Gunman kills well-known Dutch priest in Syria’s Homs

The Britain-based Observatory said the motive for the attack was unclear

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A gunman in Syria’s central city of Homs shot and killed well-known Dutch priest Frans van der Lugt on Monday, a monitoring group and the Dutch Jesuit Order said.

His death was also reported by Syria’s state news agency SANA, which said he had died immediately after being shot, citing a source in the Homs governorate.

The Britain-based Observatory said the motive for the attack was unclear. Van der Lugt had gained renown for insisting on staying on in besieged Homs despite daily shelling and dwindling supplies.

“I can confirm that he’s been killed,” Jan Stuyt, secretary of the Dutch Jesuit Order, told AFP by phone.

“A man came into his house, took him outside and shot him twice in the head. In the street in front of his house.”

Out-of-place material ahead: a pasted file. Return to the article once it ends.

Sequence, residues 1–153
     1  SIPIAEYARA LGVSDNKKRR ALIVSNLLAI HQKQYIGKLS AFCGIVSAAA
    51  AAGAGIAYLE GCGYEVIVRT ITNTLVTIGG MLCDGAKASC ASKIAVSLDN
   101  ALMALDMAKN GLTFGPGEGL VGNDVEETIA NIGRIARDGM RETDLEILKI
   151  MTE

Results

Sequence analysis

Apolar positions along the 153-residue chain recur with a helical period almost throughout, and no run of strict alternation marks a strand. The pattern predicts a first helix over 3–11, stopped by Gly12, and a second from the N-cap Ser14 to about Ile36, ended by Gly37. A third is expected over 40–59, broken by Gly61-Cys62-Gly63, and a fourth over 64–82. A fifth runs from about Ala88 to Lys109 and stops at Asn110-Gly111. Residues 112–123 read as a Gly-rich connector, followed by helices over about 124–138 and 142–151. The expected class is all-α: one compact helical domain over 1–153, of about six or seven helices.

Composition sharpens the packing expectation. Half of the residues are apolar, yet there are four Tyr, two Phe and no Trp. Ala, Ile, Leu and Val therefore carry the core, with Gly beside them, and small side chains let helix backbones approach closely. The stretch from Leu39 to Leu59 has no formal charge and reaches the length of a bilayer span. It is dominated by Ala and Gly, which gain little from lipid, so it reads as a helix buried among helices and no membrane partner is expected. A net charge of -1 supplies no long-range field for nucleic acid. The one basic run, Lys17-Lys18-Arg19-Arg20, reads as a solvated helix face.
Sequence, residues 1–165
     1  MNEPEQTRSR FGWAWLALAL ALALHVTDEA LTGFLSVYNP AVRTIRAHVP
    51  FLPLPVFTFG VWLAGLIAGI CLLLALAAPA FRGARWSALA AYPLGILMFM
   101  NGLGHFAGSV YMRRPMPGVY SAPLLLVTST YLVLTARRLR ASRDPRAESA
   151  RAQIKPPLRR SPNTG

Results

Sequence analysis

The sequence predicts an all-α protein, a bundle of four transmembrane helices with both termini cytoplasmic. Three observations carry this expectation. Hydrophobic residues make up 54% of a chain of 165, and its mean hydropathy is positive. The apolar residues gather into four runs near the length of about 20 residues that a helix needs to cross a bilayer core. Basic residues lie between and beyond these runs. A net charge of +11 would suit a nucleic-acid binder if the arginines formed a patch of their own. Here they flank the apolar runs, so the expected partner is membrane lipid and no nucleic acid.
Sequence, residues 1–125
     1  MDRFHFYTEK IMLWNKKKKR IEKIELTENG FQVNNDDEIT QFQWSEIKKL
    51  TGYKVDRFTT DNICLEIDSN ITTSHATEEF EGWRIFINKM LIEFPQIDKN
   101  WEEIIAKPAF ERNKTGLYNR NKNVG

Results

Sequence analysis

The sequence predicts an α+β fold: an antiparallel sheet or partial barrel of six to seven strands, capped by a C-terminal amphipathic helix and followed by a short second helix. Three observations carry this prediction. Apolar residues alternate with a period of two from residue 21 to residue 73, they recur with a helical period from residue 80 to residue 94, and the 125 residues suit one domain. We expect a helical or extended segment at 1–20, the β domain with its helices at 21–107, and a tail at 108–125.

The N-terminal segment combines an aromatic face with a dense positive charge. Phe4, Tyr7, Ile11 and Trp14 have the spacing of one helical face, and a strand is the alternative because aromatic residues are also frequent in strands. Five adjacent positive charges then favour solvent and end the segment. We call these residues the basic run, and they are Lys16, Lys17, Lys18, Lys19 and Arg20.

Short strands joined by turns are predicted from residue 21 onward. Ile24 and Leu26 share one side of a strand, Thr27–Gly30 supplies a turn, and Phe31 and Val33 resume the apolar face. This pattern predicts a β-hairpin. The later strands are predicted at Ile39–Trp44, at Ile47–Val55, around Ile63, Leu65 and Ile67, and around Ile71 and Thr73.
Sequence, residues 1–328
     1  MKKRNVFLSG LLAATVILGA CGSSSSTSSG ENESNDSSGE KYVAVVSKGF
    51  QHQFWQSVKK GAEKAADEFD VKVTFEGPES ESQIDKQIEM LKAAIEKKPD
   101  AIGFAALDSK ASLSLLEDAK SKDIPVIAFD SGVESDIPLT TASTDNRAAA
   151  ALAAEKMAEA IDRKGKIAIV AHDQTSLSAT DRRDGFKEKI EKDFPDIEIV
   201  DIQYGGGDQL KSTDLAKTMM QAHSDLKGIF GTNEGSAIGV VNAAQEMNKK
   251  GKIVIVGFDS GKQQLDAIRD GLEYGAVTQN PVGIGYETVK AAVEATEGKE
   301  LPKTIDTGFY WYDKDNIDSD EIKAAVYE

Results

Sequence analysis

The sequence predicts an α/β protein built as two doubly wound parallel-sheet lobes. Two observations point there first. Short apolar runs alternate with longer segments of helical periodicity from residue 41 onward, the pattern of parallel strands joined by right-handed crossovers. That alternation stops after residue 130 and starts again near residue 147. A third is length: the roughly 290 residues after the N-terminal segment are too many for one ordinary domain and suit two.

Stuyt said he was not aware of particular threats to van der Lugt, adding that the priest would be buried in Syria “according to his wishes.”

Van der Lugt spent nearly five decades in Syria, and told AFP in February that he considered the country to be his home.

“The Syrian people have given me so much, so much kindness, inspiration and everything they have. If the Syrian people are suffering now, I want to share their pain and their difficulties,” he said.

He stayed on even as some 1,400 people were evacuated during a U.N.-supervised operation that began on February 7 and also saw limited supplies of food brought into the city.

Homs’s Old City, under rebel control, has been besieged by government forces for nearly two years, creating increasing dire circumstances for those unable to leave.

“The faces of people you see in the street are weak and yellow. Their bodies are weakened and have lost their strength,” Van der Lugt told AFP before the U.N. operation.

“What should we do, die of hunger?”

The siege and continued shelling in the city whittled away the Old City’s population, including a Christian community that shrunk from tens of thousands to just 66, according to the Dutch priest.

A Jesuit, Father Frans arrived in Syria in 1966 after spending two years in Lebanon studying Arabic.

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